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Révision de 15 novembre 2017 à 11:05 par Slashvar (discuter | contributions) (Auto-resizing)

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You will implement a traditional hash table using separate chaining (with linked lists) and automatic resizing.

The submission format is:


  • 20171120_hash_table/
    • hash_table.h
    • hash_table.c
    • tests


Your goal is to implement all the operation defined in the header hash_table.h:

 * hash_table.h Hash Table implementation
#ifndef _HASH_TABLE_H_
#define _HASH_TABLE_H_
#include <stdint.h>
#include <stdlib.h>
struct pair {
  uint32_t              hkey;
  char                 *key;
  void                 *value;
  struct pair          *next;
struct htable {
  size_t                size, capacity;
  struct pair         **tab;
 * hash(data):
 * compute the hash of the nul terminated string data.
uint32_t hash(char *data);
 * create_htable(capacity):
 * build a new hash table with initial capacity.
struct htable *create_htable(size_t capacity);
 * access_htable(htable, key):
 * returns a pointer to the pair containing the given key
 * returns NULL if the key is not present
struct pair *access_htable(struct htable *htable, char *key);
 * add_htable(htable,key,value):
 * add the pair (key,value) to the hash table
int add_htable(struct htable *htable, char *key, void *value);
 * remove_htable(htable, key):
 * removes the pair containing the given key from the hash table
void remove_htable(struct htable *htable, char *key);
 * clear_htable(htable):
 * delete all pairs in the table
void clear_htable(struct htable *htable);
# endif /* _HASH_TABLE_H_ */

You must (of course) respect the described structure since tests can rely on it.


You will write the implementation file hash_table.c for the header hash_table.h.

Your file must not contains any main function

The hash function is described in a following section as for the strategies for insertion, collision and auto-resizing.

Implementation details

Your hash table will store pairs made of a key (a C string) and a generic pointer (void*) used as a value.

Collisions will be handled using linked lists: each pair contains a next pointer.

The next section describes the hash function and for key equality tests you'll use the standard strcmp(3) function.


You'll use this classical hash function (try to guess its name … )

The input is a C string (nul terminated) and the output is 32bit unsigned integer (uint32_t from stdint.h)

  • The initial hash value (h) is set to 0
  • Loop on all character in the key:
    • add the character value to h
    • add h times 1024 to h
    • h is replaced by the XOR between h and h/64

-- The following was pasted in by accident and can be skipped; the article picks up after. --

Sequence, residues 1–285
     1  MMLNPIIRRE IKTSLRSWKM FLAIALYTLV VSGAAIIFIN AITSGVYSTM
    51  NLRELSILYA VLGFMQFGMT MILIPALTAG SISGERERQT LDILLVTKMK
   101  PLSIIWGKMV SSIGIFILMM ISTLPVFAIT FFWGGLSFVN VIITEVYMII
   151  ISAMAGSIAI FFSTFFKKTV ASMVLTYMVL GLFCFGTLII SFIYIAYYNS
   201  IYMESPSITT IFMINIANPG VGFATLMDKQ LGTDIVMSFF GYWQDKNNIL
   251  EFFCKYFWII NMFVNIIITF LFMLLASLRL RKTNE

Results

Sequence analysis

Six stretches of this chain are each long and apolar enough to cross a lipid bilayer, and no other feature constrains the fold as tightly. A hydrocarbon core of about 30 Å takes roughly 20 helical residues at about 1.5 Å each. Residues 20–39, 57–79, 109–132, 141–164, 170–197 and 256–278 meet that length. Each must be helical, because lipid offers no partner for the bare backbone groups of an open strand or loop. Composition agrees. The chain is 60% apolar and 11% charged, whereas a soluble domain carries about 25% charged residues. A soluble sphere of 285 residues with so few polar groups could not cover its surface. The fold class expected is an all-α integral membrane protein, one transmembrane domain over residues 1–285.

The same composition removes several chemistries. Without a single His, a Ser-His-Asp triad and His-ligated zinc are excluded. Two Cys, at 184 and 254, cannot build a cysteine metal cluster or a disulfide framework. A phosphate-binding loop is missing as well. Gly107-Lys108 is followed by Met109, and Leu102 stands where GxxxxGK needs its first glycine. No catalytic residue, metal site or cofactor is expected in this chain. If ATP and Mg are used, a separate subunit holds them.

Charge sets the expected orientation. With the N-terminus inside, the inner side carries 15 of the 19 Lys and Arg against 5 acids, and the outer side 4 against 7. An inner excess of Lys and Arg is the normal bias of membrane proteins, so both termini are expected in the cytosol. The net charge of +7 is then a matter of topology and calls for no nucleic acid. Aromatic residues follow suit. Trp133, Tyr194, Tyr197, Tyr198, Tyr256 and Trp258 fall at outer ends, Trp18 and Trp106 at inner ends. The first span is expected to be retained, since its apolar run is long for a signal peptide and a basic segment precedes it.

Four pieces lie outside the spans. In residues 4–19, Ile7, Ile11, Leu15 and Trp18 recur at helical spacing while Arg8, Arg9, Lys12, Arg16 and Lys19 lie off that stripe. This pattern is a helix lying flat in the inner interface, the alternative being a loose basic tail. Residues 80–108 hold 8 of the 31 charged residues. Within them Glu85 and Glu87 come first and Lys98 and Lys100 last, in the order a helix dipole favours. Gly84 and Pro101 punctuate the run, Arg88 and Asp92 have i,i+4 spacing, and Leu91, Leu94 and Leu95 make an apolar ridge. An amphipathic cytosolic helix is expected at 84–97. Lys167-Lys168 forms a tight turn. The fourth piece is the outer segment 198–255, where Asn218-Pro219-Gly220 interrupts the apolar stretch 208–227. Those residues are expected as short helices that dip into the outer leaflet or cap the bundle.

• After the loop, add h times 8 to h
  • h is replaced by the XOR between h and h/2048
  • add h times 32768 to h
  • return h

Table initialization and searching

The function create_htable(capacity) creates a new hash table with capacity capacity.

All unused cells must be set to NULL.


The function accees_htable(htable, key) looks for a pair containing the key key. The function will return the pointer to the corresponding pair in the table and NULL if it didn't found the key.

In order to search for a key:

  • compute the hash value of the key
  • compute the index in the array as the remainder of the hash by the capacity of the array
  • search for the key in the linked list starting at the computed index (use the hash value before using strcmp(3))

Note that we return the pair so our access function can be used to update the associated value.

Insert and delete

The function add_htable(htable,key,value) add a new pair in the table. The function returns 0 if the key is already present in the table, a value different from 0 otherwise.

You must first start like the search function then create the new pair (if the key was not present) and add it in front of the linked list.

The function remove_htable(htable, key) looks for key and suppresses (if present) the pair in the corresponding list.


When the number of stored elements hit a predefined threshold, the number of collisions (and thus the length of the linked lists in each cells) will grow quickly. In order to compensate this, we'll resize our table.

When the ratio size/capacity is greater than 0.75 (75%), we double the capacity of the table: you need to allocate a new array and insert again all the pairs from the original table. Beware that changing the capacity change the computed index for all keys.

Clear the table

The last operation, clear_htable(htable), delete all pairs from the table. Beware, you must free each pair !